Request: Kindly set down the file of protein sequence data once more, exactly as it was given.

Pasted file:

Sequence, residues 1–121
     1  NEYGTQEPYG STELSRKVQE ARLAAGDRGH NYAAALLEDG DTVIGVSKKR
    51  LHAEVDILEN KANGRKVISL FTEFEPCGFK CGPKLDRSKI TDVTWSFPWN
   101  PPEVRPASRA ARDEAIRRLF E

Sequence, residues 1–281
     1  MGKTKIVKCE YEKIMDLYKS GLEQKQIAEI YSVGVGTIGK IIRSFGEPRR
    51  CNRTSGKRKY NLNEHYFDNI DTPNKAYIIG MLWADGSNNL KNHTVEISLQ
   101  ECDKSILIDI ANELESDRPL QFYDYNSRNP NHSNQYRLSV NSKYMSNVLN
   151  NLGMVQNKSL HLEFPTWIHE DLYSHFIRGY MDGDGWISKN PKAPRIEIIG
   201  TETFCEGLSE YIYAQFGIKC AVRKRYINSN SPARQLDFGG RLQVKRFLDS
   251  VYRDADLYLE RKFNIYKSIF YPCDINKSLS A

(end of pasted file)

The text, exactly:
Sequence, residues 1–121
     1  NEYGTQEPYG STELSRKVQE ARLAAGDRGH NYAAALLEDG DTVIGVSKKR
    51  LHAEVDILEN KANGRKVISL FTEFEPCGFK CGPKLDRSKI TDVTWSFPWN
   101  PPEVRPASRA ARDEAIRRLF E

Sequence, residues 1–281
     1  MGKTKIVKCE YEKIMDLYKS GLEQKQIAEI YSVGVGTIGK IIRSFGEPRR
    51  CNRTSGKRKY NLNEHYFDNI DTPNKAYIIG MLWADGSNNL KNHTVEISLQ
   101  ECDKSILIDI ANELESDRPL QFYDYNSRNP NHSNQYRLSV NSKYMSNVLN
   151  NLGMVQNKSL HLEFPTWIHE DLYSHFIRGY MDGDGWISKN PKAPRIEIIG
   201  TETFCEGLSE YIYAQFGIKC AVRKRYINSN SPARQLDFGG RLQVKRFLDS
   251  VYRDADLYLE RKFNIYKSIF YPCDINKSLS A